PEX... fittings really supposed to be that loose before crimping?

Going to be adding a faucet in our laundry room and I've gotten all the materials I need, except the crimper (picking it up today).
I did a dry run and the 1/2" pex fittings sure seem loose inside the 1/2" line.
Will the metal crimp ring really tighten this up or am I missing something?
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Sort of unrelated but I used PEX to replace some outside faucet runs and used quick connect fittings from Lowes. They worked great and everything just snaps together with a perfect seal. I hope it proves to be a good product.
Noozer wrote:

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ianjones wrote:

Hi, Crimping tool has to be properly adjusted(calibrated), then no sweat!
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Sort of unrelated but I used PEX to replace some outside faucet runs and used quick connect fittings from Lowes. They worked great and everything just snaps together with a perfect seal. I hope it proves to be a good product.
Noozer wrote:

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Yes. When you get the crimper, ensure you get the "go - no go" tool to check crimps.
Good luck..
Oren
"My doctor says I have a malformed public-duty gland and a natural deficiency in moral fiber, and that I am therefore excused from saving Universes."
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wrote:

Typical Home Despot... They didn't have a clue what the "go - no go" gauge was, even after I explained how it was used. The rental desk didn't have any and there were none on the shelf to be purchased.
Unfortunately, HD rents the crimper for $9/day. Anyplace else wants $25/day.

I'll need it!
I've done a few crimps, they look good and are solid. I'm sure that all will be well.
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wrote:

I just finished repairing a large section of galvanized with PEX and yes the thing is rather loose before you crimp it. It really holds a good amount of pressue when its crimped, but using that tool is a gigantic pain in the ass, especially when you're in awkward positions.
I'm not totally sure what good the go/no-go gauge is, but so far I pass the tests. Seems like it the no-go gauge should be larger than the go guage, maybe they're testing to make sure the crimp isn't too tight?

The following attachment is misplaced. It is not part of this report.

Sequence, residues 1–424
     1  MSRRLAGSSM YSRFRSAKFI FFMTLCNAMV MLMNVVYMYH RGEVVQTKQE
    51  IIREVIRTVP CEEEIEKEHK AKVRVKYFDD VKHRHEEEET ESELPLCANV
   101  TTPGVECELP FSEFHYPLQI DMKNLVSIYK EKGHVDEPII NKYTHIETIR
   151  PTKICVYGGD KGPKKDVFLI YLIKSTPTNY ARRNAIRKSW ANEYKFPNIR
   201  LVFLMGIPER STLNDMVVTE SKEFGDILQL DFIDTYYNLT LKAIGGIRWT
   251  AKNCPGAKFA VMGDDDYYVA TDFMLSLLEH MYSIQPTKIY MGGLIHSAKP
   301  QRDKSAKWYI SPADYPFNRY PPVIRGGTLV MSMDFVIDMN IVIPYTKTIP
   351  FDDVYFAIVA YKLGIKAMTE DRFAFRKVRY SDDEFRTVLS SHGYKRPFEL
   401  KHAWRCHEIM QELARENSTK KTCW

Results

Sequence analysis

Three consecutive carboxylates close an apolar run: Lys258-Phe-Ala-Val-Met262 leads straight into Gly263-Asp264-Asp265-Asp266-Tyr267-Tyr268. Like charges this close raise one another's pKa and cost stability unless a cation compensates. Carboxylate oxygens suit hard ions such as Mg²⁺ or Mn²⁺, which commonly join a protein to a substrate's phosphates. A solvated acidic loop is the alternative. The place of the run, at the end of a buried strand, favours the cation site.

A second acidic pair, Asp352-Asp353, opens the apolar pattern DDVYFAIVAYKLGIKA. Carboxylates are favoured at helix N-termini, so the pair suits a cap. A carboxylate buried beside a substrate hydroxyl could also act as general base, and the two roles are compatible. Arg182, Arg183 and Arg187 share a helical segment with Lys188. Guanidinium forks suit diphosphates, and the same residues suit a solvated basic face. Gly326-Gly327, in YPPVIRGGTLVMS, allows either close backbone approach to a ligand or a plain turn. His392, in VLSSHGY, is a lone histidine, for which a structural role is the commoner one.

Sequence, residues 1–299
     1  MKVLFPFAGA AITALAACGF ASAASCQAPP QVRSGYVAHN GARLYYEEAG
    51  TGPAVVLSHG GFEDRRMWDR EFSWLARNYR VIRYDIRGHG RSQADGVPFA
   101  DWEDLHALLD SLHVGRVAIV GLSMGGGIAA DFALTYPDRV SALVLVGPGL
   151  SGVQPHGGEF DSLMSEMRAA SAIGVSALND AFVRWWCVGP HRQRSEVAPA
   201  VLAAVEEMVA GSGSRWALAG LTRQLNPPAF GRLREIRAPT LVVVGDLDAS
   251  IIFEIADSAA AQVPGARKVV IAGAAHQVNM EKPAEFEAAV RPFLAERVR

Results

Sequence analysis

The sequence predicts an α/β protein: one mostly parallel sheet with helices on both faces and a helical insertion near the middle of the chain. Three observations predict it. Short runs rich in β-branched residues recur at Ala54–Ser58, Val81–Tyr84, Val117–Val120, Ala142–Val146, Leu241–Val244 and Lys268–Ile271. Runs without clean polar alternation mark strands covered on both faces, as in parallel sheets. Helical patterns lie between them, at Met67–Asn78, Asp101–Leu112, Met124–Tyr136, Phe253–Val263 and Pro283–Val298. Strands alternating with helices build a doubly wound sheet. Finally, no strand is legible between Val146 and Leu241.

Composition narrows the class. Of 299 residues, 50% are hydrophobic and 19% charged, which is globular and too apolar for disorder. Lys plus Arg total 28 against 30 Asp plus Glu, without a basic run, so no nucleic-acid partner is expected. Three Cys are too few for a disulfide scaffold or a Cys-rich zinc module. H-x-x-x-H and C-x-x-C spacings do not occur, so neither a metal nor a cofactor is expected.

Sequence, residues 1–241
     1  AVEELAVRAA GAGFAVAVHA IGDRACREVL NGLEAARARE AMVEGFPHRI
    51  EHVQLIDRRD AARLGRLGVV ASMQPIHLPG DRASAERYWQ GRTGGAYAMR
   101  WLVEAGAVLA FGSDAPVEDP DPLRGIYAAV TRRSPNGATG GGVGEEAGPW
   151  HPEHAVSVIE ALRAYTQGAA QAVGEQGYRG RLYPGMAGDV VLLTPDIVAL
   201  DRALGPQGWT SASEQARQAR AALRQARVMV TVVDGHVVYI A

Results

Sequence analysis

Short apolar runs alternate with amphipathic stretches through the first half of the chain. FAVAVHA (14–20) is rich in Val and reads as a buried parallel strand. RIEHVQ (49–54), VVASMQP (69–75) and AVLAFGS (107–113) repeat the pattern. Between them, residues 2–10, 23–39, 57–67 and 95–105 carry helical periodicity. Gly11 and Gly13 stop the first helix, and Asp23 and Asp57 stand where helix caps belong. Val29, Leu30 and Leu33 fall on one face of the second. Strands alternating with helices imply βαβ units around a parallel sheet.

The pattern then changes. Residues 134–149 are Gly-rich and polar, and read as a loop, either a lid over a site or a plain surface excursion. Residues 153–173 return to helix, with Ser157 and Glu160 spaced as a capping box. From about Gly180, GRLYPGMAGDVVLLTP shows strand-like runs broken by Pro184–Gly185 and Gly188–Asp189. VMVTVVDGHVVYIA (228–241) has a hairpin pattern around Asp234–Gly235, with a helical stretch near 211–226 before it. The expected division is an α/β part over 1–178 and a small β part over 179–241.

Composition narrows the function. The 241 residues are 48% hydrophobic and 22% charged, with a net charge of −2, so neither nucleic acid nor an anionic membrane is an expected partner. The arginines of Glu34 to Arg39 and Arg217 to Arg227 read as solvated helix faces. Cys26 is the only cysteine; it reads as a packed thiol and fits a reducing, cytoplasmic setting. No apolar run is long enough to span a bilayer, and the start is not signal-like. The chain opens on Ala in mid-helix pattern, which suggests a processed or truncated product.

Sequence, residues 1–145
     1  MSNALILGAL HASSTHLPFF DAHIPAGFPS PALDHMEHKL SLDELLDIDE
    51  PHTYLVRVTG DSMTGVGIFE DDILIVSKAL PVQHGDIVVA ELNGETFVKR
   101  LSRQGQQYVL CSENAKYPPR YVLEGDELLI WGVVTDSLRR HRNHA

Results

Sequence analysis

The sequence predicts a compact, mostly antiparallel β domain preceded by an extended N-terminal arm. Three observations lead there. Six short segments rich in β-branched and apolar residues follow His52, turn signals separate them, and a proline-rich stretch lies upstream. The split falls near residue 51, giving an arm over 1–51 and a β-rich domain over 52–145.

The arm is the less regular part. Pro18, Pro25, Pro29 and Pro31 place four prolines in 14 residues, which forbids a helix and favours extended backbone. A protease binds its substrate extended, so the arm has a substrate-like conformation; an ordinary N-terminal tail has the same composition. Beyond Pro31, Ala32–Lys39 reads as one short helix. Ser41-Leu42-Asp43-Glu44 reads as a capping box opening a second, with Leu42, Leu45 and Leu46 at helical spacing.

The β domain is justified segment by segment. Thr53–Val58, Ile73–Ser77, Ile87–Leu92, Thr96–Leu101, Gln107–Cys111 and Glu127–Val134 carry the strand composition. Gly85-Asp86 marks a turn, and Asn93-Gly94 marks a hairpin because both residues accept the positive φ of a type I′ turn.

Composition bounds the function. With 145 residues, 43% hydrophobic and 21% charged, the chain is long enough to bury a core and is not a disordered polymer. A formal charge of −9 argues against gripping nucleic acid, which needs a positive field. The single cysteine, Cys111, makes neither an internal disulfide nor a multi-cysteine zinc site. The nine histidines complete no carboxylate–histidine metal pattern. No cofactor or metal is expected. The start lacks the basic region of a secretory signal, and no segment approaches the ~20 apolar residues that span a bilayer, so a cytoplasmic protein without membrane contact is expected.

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wrote:

The gages are to ensure that the crimped ring is neither too loose nor too tight. To ensure that the outside of the crimped ring is between some 2 size limits, the no-go must be smaller than the go. If you were measuring the inside diameter the no-go would be larger. Don Young
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wrote:

I think of go/no-go gauges in terms of bolt action firearms - since I do early war model restorations. There the Go gauge means the clearance from the bolt face to the chamber is within factory tolerances, the no-go gauge means it exceeds those specifications, and the field gauge means it exceeds the military's specifications.
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wrote:

Yes, that type of gage is measuring space, as you would be if measuring an inside diameter. If you are measuring outside diameter then the concepts are a little different.
Think of a very crude go/no-go gage to check if a group of rods are between 2 inches and 3 inches in diameter. The go gage would be 3 inches so all good rods would fit in it. Any rods over 3 inches would not fit in it. The no-go gage would be a little less than 2 inches. No good rods would fit in it and any that did would be too small. So any rod which fits into the go gage and does not fit into the no-go gage must be between 2 and 3 inches and be okay.
Don Young
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We rented the crimper from Home Depot..$ 10/day IIRC You are using the proper pex connections, right? They look like cast brass (yellow metal)
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I'm surprised that Harbor Freight doesn't sell one for $14.95
<rj>
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